Baby’s 1st Party!

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pink baby decor

details baby party

moghleh

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table 2

food

look

russian doll

I’ve always had a weakness for russian dolls… they are a fun symbol of maternity and I thought they would make the perfect party favor to embody the close bond I share with my two daughters whose initials are featured on the medium and small dolls. On the large doll I chose to feature a bouquet as my daughters’ names are floral.  Those Matryoshkas are also pretty cosmopolitan themselves as they were designed in the US (per my guidance), the wooden dolls were made in Russia (by Golden Cockerel), while the packaging (the printed boxes and stickers) were made in Lebanon (by DELF / Dar El Founoun).

Deliciously Spoiled

My mom’s idea of supporting me through the pre and post labor phases has meant for the most part cooking and cooking some more… of course she went way overboard and I’m enjoying every bite of it, each bringing back unique childhood memories and a lot of comfort as it reminds me that I have the support I need to go forward…

Ghada's Food

I particularly want to focus on Meghleh, a traditional Middle Eastern pudding served as a treat to family and friends after the birth of a new baby.

meghleh

Meghleh has been flowing in my house for the past couple of weeks and I have consumed industrial amounts of it! Not only is it smooth, delicious, festive and addictive but more importantly for breastfeeding mommies, it can give you a much needed and quick energy boost to cover those extra calories you’ll still need to insure your milk supply while benefiting from its healthy ingredients:

  • Spices: caraway and cinnamon (Grandmas swear that those spices help stimulate the breast milk production)
  • Rice flour
  • Sugar
  • Toppings: shredded coconut, raw walnuts, pine nuts, almonds and pistachios, each boosting your diet with filling protein, fiber, healthy unsaturated fats and important vitamins, minerals and antioxidants.

Ready & Munchin’

You know labor is near when you’ve downloaded your contractions app to keep track of their length, intensity and frequency and your mom moves in and brings with her delicious delicacies to make the wait bearable!

Upper left: dried grapes (malban) with raw walnuts  Lower left: fresh-from-the-field green almonds Right: Pickled mini eggplant  stuffed with peanut & spices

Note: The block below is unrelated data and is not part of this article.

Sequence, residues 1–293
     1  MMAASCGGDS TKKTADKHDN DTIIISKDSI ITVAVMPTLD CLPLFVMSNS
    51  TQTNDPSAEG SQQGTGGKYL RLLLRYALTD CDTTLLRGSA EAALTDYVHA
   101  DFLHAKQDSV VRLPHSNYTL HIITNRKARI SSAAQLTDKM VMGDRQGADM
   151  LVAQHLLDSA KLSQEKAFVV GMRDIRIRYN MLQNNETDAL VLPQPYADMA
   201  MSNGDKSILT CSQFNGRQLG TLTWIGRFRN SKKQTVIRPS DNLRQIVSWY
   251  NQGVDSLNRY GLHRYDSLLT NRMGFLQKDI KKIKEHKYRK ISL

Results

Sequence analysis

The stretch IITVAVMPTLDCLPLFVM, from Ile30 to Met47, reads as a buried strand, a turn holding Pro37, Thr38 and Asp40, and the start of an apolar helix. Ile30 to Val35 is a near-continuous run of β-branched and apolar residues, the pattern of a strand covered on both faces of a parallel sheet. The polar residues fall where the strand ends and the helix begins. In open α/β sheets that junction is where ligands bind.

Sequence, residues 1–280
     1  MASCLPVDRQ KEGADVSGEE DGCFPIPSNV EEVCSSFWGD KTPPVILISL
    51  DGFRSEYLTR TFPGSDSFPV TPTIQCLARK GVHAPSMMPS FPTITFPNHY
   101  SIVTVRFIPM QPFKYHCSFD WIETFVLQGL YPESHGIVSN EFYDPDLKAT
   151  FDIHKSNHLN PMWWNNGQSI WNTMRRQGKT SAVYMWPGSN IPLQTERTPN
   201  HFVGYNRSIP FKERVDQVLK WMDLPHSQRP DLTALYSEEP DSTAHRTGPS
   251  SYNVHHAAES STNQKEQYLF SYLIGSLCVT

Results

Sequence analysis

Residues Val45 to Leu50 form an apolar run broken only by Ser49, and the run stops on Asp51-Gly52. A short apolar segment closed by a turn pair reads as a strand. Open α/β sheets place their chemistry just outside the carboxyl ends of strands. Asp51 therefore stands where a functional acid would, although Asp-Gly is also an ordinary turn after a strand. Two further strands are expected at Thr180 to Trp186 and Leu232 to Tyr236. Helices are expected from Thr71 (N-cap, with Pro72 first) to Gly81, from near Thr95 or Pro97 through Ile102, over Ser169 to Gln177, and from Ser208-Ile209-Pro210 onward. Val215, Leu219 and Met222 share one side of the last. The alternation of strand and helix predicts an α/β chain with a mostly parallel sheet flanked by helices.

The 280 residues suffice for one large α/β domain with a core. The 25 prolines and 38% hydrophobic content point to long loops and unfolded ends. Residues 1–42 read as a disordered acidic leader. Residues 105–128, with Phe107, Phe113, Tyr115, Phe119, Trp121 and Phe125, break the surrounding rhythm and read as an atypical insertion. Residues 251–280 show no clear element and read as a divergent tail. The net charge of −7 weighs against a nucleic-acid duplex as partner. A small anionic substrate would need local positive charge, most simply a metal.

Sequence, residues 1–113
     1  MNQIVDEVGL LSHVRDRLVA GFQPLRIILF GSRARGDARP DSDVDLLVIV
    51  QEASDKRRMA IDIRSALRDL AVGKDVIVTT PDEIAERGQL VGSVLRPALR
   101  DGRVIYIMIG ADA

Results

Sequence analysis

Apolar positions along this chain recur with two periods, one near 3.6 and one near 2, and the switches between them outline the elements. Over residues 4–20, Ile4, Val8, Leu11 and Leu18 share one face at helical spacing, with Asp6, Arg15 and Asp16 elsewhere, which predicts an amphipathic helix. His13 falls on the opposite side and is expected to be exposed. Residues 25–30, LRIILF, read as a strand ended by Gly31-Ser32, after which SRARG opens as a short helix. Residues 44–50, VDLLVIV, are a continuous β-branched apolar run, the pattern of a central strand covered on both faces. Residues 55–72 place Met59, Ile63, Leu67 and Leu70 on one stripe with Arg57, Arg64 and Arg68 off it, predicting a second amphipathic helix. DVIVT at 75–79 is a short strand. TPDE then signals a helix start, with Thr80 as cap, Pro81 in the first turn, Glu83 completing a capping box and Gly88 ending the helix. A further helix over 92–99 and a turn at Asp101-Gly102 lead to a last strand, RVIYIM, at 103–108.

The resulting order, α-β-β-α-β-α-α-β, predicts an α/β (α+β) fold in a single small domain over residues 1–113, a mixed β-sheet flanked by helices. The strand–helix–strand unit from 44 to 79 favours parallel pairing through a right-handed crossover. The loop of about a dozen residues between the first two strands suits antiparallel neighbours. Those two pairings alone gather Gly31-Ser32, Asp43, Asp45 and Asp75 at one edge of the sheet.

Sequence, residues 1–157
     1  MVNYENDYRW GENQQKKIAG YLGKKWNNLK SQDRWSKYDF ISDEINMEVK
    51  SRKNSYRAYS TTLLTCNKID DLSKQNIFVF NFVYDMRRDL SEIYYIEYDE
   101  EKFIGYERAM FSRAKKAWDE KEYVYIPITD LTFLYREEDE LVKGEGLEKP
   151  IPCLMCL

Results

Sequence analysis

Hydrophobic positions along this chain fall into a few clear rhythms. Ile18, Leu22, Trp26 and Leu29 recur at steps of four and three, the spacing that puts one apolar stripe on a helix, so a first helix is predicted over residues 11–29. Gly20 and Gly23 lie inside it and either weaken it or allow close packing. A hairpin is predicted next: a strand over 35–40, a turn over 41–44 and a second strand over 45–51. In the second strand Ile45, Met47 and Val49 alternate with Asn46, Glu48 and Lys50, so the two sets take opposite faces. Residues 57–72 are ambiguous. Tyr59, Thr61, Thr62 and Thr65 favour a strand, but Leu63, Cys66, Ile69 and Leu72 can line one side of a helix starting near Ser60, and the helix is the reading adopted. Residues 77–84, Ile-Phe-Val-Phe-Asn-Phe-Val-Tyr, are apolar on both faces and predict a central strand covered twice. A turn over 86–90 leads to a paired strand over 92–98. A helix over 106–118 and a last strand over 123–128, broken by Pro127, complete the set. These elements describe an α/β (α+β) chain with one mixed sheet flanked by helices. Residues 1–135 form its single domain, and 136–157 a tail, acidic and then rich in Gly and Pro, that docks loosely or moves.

Upper left: dried grapes (malban) with raw walnuts
Lower left: fresh-from-the-field green almonds
Right: Pickled mini eggplants stuffed with peanut & spices

Last Days of Winter

The last stretch of winter is the toughest. You’re sick and tired of the gloomy weather, beaten by the cold and worn-out by the toll of heavy coats and layers on your shoulders. When these blues hit me, I take shelter in my kitchen where I always end up finding my remedy: Hello food innovation! Here are a couple of cold-weather-worthy recipes to try shortly before kissing wintertime goodbye!

Cabbage Cigars

photo 1-19I find that cabbage is usually not given its turn in most people’s diet from both gastronomical and nutritional perspectives. When raw, it’s commonly associated with abdominal conditions (such as bloating and flatulence) and is often kept away from cooking pots, as many find the smell of dissipating sulfur compounds in cooked cabbage unpleasant. Work around its minimal drawbacks and you’ll discern a smooth texture, a sumptuous flavor and a distinguished comfort in this winter veggie, a really great fix for cold days! You’ll also benefit from a great dose of vitamins such as vitamin K, vitamin C and folic acid in as little as 20 calories in a serving (75g).

Here is my favorite approach to savor cabbage:

*For a better digestion: parboil before cooking

*To mask its sulfuric smell: add some lemon juice and/or herbs (such as fresh or dried mint) to the cooking water

Cabbage Cigars is a melting-in-mouth dish! Cabbage leaves are stuffed in minced beef, rice and spices and seasoned with sautéed onion, garlic, mint and lemon juice. Here’s my recipe:

(Makes 6 servings)

1 whole cabbage

Filling:

  • 1 cup of sushi or Egyptian rice
  • ½ lbs. of ground beef
  • 1 tsp. of each: black pepper, allspice, ground cinnamon and salt

Seasoning:

  • 1 onion finely chopped
  • 1 head of garlic peeled (half of the cloves mashed and the other half left to distribute between rolls)
  • 3 Tsp. of crushed (dried or fresh) mint